- Insoles: Insoles are pads or cushions that are put inside your shoes to help protect your feet.
- Orthotics: Orthotics are foot braces that help decrease pressure.
- Diabetic footwear: Your healthcare provider may have shoes made for you if you have foot deformities.
- Walking aids: These include canes, crutches, walkers, and wheelchairs.
- Surgery: Surgery may be done to fix foot deformities, and to increase the blood flow to your feet.
What can I do to help prevent diabetic foot problems?
- Check your blood sugar level: Keep your blood sugar steady to decrease your risk for foot ulcers. Your healthcare provider will tell you what your blood sugar level should be and how often to check it. You may need to check at least 3 times each day. Keep a record of your blood sugar levels with the date and time that you checked them. Your healthcare provider may want to review your record during follow-up visits.
- Take your medicine as directed: Your healthcare provider may give you medicine to keep your blood sugar level steady. You may also have medicine to help treat your nerve damage, or other health problems. Keep a list of the medicines you take. Do not stop taking your medicines unless you ask your healthcare provider.
- Create a meal plan: Your dietitian will help you create a meal plan. Your plan will have the right amount of calories and nutrition for you. Good nutrition will help control your blood sugar levels and help prevent foot problems.
- Quit smoking: If you smoke, it is never too late to quit. Smoking increases your risk for diabetic foot problems. Smoking can also slow healing if you get a foot ulcer. Ask your healthcare provider for information if you are having trouble quitting.
- Exercise: Your healthcare provider may suggest an exercise plan for you to help prevent any serious conditions caused by your diabetes. You will need to do activities that do not make a foot ulcer worse.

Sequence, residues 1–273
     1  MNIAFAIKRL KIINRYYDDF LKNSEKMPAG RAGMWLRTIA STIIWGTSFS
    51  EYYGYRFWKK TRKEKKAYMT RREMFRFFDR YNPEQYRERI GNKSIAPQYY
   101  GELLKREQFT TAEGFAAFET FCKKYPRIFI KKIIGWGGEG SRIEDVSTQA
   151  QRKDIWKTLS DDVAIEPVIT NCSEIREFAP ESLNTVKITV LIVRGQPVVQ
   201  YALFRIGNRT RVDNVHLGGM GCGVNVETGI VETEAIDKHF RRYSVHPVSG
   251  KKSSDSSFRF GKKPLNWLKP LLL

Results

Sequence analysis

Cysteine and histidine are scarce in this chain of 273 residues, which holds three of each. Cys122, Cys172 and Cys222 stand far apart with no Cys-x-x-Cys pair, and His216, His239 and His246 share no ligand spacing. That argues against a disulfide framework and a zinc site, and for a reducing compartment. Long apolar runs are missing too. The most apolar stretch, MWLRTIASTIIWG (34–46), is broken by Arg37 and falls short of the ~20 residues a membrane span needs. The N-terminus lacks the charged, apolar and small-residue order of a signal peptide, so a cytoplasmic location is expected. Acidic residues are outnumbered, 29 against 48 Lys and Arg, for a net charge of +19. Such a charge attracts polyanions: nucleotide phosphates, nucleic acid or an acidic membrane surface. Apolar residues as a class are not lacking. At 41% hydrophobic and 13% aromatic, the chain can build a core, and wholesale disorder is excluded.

- Wear shoes that fit well: Wear shoes that do not rub against any area of your feet. Your shoes should be ½ to ¾ inch (1 to 2 centimeters) longer than your feet. Your shoes should also have extra space around the widest part of your feet. Walking or athletic shoes with laces or straps that adjust are best. Ask your healthcare provider for help in choosing shoes that fit you best.
When should I contact my healthcare provider?
- Your blood sugar level is higher or lower than healthcare providers have told you it should be.
- You see blisters, cuts, scratches, calluses, or sores on your foot.
- You have a wound on your foot that gets bigger, deeper, or does not heal.
- Your toenails become thick, curled, or yellow.
- You find it hard to check your feet because your vision is poor.
- You have questions or concerns about your condition or care.
When should I seek immediate care or call 911?
- Your feet become numb, weak, or hard to move.
- You have pus draining from a sore on your foot.
- Your feet become red, warm, and swollen.
- You have a fever.
Care AgreementYou have the right to help plan your care. Learn about your health condition and how it may be treated. Discuss treatment options with your caregivers to decide what care you want to receive. You always have the right to refuse treatment. The above information is an educational aid only. It is not intended as medical advice for individual conditions or treatments. Talk to your doctor, nurse or pharmacist before following any medical regimen to see if it is safe and effective for you.